Coconut Cake, Act Two

Last post I made a coconut cake and a mess.

Coconut cake layer

This post I made the coconut frosting and I am cleaning up the mess.

I have a new KitchenAid on its way. (Thank goodness for warranties and amazing customer service!)

I stressed quite a bit after the machinery break down and didn’t clean my dishes, but they are clean and put away now.

I made the frosting with a hand held mixer and got a nice arm workout in the meantime.

Mess officially cleaned.

7 minute frosting

Sometimes it feels important to take a time out. Stress becomes overwhelming and there is no need to continue trudging through the mess. It becomes counterproductive.

So this post is about taking a time-out for stress reduction. Sometimes it isn’t appropriate but in this case for me it was completely appropriate.

So how do you know when you should take a time-out?

I notice that I become flooded. My brain gets a little fuzzy and I have difficulty finishing anything effectively (Read: way too many mistakes are made in a short amount of time).

I have to have the awareness to stop what I am doing no matter how much I want to finish it. It is not going to get done well and that just stresses me out even more.

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I really wanted to post something yesterday in honor of National Depression Screening Day, but I was still on my time out because the thought of tackling the frosting while the memory of my KitchenAid breakdown was still fresh stressed me out.

I wouldn’t have done it well and I wanted to do it well. I was assessing my mental health surrounding this issue and decided this was the best route.

Would you like to assess your mental health in honor of National Depression Screening Day? Wonderful. Click here!

second layer

 

7 Minute Coconut Frosting

Recipe by Alton Brown, adapted

3 large egg whites

12 ounces sugar, approximately 1 3/4 cups

1/3 cup coconut water

1/2 teaspoon cream of tartar

1/4 teaspoon kosher salt

1 teaspoon coconut extract

1/2 teaspoon vanilla extract

8 to 10 ounces shredded coconut

To make the frosting:

Bring 1 quart of water to a boil in a 4-quart saucepan over high heat. Decrease the heat to medium to maintain a steady simmer. In the meantime, place the egg whites, sugar, coconut water, cream of tartar and salt into a medium size-mixing bowl. Place the bowl over the simmering water and immediately begin beating with an electric hand mixer set to low speed. Beat for 1 minute and then increase the speed to high and continue to beat for 5 minutes. Remove from the heat and beat in the coconut and vanilla extracts for 1 minute. Allow the frosting to sit for 5 minutes before using.

Place approximately 3/4 cup of the frosting on the first layer of cake, sprinkle with 1/2 cup coconut and top with the next layer. Repeat until you reach the top layer. Frost the top and sides of the cake and sprinkle with the remaining coconut. Refrigerate for at least 30 minutes before serving.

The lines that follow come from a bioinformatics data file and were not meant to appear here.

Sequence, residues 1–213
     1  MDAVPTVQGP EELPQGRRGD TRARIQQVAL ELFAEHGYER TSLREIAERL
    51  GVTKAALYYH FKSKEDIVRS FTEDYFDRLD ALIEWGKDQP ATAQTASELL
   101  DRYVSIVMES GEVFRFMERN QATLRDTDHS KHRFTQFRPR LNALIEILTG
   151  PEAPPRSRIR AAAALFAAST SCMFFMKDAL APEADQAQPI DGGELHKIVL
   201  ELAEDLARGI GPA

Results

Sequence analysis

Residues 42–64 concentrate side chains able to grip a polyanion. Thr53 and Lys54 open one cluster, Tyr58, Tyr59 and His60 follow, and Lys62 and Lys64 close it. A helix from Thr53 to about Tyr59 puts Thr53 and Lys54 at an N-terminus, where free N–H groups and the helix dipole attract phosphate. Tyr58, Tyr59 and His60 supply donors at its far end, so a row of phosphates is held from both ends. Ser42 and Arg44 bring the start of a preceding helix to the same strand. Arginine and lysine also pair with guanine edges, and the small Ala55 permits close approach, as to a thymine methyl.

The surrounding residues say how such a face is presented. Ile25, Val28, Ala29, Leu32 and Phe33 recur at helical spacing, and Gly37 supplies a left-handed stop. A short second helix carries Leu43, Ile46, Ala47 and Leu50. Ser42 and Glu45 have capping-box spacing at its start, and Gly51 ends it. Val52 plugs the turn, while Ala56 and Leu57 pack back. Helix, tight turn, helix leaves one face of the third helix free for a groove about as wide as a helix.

Coconut Cake, Act One

Sometimes you need a stress reliever from your stress reliever…

I had that moment tonight.

I was plugging along on my coconut cake and then I wasn’t.

I killed my KitchenAid. It is done. Kaput.

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I had to move on to the hand held guy in order to finish my cake.

My method of relieving my stress was actually causing more stress.

What are you supposed to do now?

I took a deep breath and called whined to my boyfriend to come fix it.

He looked and said it was something about my motor. I still don’t know, but luckily it is still under warranty and I will call tomorrow to get it fixed.

Because I NEED it. Baking season is on its way/already here. I can’t manage without it right now.

But enough of that.

What can you do when your stress reliever is causing you more stress?

Scream? Cry? Punch a pillow? Use a hand held mixer and get an arm workout?

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Maybe.

Or maybe you can learn some grounding techniques. Or even go to this site for some guided relaxation and choose one that works best for you.

It is always a good idea to have some back up plans for you to relax.

Because unfortunately things happen that mess with your tried and true relaxation techniques.

I like deep breathing for this situation. Breathing in for 3 seconds, breathing out for 3 seconds. Continuing that until I get a handle on the extreme stress.

Yes, it has moved to extreme at this point.

In the past this situation would most likely have brought on a panic attack. Things have gotten out of my control and quickly. That would have sent me over the edge.

I want to speak on this because it is Mental Health Awareness Week. We are in the midst of it right now.

There are lots of issues that I could be addressing but I feel that it is most important to talk about stress.

Not everyone has depression or bipolar or ADHD. But everyone has stress.

I want to bring awareness to your mental health. Are you aware of your level of mental health?

Could you be doing some things differently so that you have a healthier level of mental health?

Probably. I know I could.

So think on that. Reflect on what you could be doing differently.

I will do the same and get back with you tomorrow with my assessment of my mental health and the frosting of this delicious coconut cake.

But for now reflect and bake this cake. Hopefully your mixer won’t break down on you in the first few steps.

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Don’t stress I will show you the finished product tomorrow/later today.

Coconut Cake

Recipe by Alton Brown (my favorite food person ever!)

Vegetable oil, for cake pan

14 1/4 ounces cake flour, plus extra for pans, approximately 3 cups

1 1/2 teaspoons baking powder

1 teaspoon kosher salt

1/2 cup coconut milk

1/2 cup coconut cream

8 ounces unsalted butter, room temperature

16 ounces sugar, approximately 2 1/4 cups

1 teaspoon coconut extract

4 egg whites

1/3 cup coconut water

To make the cake:

Preheat the oven to 350 degrees F. Lightly oil 2 (9-inch) cake pans. Line the bottom of each pan with parchment paper. Oil the parchment paper and then flour the pan. Set aside.

Place the flour, baking powder and salt into a large mixing bowl and whisk to combine.

Combine the coconut milk and coconut cream in small bowl and set aside.